Ryan Christie is suspended for the visit of Ross County tomorrow as the hoops begin the fight to regain top spot in the league. He’ll probably be replaced by Olivier Ntcham, who if he’s up for it , should be an able replacement.
The return of domestic football, at least for a couple of weeks until the next pointless break, will allow Neil Lennon to instill a sense of urgency into his players, who looked a little jaded against Hibernian and Livingston.
Now that they’ve had their collective arses kicked, can we expect a return to the blistering form of some of the earlier games ?
A morale boosting win is needed, but not as much as a morale boosting performance. From here until the next break, total focus is required, from the players and the management.
If Lennon has to ask someone if they are one hundred per cent ready for a game, then he should trust that instinct and let them rest.
There are more than enough players in the squad who can cover, and starting with the best available eleven tomorrow is the way forward, but after that if he thinks there is evidence of mental or physical fatigue, then he has to be ruthless…
Current leaders “rangers ” are at Hearts, who haven’t had their troubles to seek this season, and the nedia have claimed that Aaron hickey, the former Celtic Academy player, is on their radar..with a £2m move in January mentioned, but only by media manipulator James Traynor.
Should the unlikely happen and Hickey tread the path to oblivion, Celtic would receive 30% of any fee, and there is a certain delight in anticipating that possibly being the bill that breaks the bears back…
However, in the real world, several proper clubs are also looking at Hickey, and he’ll probably want to join one with at least a better than average chance of lasting longer than any contract he signs.
Nick Hammond has finally been given the nod to take up the director of football operations post and can now get to work on making recommendations that could help Celtic into the Champions League groups next season, especially if Lennon fails to win the Europa League.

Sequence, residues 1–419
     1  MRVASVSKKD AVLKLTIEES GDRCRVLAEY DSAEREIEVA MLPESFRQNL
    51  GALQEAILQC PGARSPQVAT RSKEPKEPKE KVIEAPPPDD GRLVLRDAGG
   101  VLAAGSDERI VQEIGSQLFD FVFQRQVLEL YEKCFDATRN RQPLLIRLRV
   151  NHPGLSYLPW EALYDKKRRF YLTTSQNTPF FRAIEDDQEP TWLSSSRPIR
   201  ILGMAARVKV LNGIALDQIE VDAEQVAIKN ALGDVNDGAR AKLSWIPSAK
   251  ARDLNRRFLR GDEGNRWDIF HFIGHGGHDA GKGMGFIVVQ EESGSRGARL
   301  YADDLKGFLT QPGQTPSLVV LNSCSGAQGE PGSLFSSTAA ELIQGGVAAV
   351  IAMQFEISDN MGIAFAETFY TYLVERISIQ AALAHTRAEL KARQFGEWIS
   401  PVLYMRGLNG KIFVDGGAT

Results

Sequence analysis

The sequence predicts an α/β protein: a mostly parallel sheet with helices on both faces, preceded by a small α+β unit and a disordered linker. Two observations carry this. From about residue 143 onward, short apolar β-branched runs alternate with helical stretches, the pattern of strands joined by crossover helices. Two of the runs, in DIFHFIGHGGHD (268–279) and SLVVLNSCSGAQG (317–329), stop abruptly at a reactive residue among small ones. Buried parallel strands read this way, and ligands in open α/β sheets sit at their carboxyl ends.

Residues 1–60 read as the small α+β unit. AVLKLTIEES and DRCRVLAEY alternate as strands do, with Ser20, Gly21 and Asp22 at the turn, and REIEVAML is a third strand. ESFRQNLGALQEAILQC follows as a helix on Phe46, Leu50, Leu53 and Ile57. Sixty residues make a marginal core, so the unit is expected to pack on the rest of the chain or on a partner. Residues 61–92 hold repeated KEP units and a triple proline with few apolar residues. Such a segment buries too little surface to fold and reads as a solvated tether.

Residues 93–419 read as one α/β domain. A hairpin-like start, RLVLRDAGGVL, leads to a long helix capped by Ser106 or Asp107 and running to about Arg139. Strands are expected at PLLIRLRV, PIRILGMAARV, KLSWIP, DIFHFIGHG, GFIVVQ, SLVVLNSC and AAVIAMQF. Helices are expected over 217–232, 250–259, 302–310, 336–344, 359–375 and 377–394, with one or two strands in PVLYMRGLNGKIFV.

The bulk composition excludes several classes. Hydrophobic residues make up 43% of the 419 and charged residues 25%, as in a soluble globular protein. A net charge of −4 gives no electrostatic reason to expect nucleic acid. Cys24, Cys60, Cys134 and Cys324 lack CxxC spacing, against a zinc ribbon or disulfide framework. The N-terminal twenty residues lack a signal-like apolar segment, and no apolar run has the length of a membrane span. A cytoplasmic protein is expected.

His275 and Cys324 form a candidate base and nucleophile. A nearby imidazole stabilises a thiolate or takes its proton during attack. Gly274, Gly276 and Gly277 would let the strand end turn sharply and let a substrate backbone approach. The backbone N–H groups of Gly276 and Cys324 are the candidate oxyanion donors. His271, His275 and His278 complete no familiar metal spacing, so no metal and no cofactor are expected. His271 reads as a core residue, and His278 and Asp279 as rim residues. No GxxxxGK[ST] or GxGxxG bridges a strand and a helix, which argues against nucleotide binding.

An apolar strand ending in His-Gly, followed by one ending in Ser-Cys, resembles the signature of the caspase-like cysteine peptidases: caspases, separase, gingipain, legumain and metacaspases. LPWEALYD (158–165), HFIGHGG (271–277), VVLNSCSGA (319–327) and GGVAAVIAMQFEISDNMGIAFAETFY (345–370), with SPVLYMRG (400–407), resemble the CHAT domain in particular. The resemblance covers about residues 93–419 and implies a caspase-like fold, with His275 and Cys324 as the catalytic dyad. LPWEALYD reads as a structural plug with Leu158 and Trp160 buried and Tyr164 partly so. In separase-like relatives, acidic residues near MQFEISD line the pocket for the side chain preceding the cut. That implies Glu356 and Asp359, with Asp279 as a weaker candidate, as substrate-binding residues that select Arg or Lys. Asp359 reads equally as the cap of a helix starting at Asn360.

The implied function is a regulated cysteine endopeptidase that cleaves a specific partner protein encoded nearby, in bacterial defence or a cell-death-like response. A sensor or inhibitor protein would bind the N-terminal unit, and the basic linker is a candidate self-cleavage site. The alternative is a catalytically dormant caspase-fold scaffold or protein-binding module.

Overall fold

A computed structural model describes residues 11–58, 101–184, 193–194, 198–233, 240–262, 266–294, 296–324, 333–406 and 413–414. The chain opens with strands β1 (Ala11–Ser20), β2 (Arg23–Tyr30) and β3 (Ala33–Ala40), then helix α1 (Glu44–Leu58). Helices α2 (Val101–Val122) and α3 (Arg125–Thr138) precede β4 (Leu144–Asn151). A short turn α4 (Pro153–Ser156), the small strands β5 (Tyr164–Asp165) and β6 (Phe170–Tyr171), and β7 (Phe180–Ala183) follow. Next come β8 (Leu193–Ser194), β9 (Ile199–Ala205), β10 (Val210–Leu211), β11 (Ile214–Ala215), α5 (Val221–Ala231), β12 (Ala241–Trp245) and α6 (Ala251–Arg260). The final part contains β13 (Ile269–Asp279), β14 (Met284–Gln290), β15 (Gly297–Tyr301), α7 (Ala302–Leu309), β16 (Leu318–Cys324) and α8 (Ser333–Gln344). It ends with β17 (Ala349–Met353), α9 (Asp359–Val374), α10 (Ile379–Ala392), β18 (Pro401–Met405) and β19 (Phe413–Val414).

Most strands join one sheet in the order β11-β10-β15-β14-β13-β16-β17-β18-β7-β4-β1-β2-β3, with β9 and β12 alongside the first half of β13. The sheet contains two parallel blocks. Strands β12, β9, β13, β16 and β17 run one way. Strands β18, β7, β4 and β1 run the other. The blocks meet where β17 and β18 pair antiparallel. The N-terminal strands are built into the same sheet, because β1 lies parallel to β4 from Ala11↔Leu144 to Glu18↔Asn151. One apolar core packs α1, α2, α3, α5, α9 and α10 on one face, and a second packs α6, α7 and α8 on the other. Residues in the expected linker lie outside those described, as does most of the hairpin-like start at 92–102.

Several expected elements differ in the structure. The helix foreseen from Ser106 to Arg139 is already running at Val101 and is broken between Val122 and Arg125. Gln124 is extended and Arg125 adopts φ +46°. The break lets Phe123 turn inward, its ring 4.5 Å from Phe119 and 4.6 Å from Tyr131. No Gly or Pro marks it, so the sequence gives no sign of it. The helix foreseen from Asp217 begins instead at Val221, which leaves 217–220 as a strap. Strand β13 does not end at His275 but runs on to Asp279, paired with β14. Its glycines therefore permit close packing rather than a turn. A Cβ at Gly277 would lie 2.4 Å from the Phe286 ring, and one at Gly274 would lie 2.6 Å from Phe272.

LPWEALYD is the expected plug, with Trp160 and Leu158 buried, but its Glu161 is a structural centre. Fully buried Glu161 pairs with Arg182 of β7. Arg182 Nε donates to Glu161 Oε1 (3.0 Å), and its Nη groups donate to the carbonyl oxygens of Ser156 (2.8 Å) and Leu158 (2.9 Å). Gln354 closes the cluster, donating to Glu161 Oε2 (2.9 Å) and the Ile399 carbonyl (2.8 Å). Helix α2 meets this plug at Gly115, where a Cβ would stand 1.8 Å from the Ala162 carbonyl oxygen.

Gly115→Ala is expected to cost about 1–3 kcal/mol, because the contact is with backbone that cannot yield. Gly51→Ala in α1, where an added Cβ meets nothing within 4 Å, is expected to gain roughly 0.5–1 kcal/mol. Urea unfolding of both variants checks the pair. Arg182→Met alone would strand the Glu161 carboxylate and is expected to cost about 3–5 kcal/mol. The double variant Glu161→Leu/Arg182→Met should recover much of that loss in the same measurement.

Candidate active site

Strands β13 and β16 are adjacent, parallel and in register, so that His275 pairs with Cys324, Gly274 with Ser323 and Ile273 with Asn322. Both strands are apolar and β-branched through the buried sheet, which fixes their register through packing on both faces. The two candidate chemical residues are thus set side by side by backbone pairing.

However, concerns about his ability to spot someones ability to do a job competently were raised when he was left to hire the photographer to capture his first day at work.. presumably he was unaware there are no height restrictions on photographers at Celtic Park.
There should, however be restrictions on which newspapers are allowed to enter Celtic Park…
The Record have surpassed themselves this time…
Lazio Ultras rage over ‘farcical’ Celtic racism charge and detail UEFA act of defiance
Celtic racism charge ?
Or was it fascism ?
New evidence has emerged suggesting Rangers FC covered up the reasons why a former youth coach accused of child sex offences left the club.
Rangers have consistently said they sacked Gordon Neely in 1991 after a complaint from worried parents and then reported him to the police.
But the new evidence shows that is not what the club said publicly at the time – and Neely’s alleged victim insists a police report was never made.
Rangers denied a cover-up.
Gordon Neely coached children at Hutcheson Vale, Hibernian and Rangers in the 1980 and 90s. A BBC Scotland investigation in 2017 revealed the extent of his abuse at those three clubs, including allegations that Hibs failed to pass on concerns about his behaviour when Neely moved to Rangers in 1986.
You’ll note here there is no mention of his time at Dundee United, where he would have worked with Walter Smith and Richard Gough, two men who I’m sure the media will be talking to about any suspicions they had.
Neely would carry on abusing at Rangers until a complaint was made in 1991 which led to his dismissal.
Rangers told the BBC in 2017 that Neely was sacked and reported to the police. Two months ago, the club told The Sun: “It was important Rangers took both steps without delay to address this matter.”
However, this has been called into question after the BBC obtained an article in the club’s newspaper marking his departure, which made no mention of abuse concerns and wished him “every success in the future”.
The Ibrox club immediately responded….
“BBC Scotland’s reporting on these horrific incidents and, in particular, its sensationalist and unfair accusation of a cover up by Rangers is disgraceful.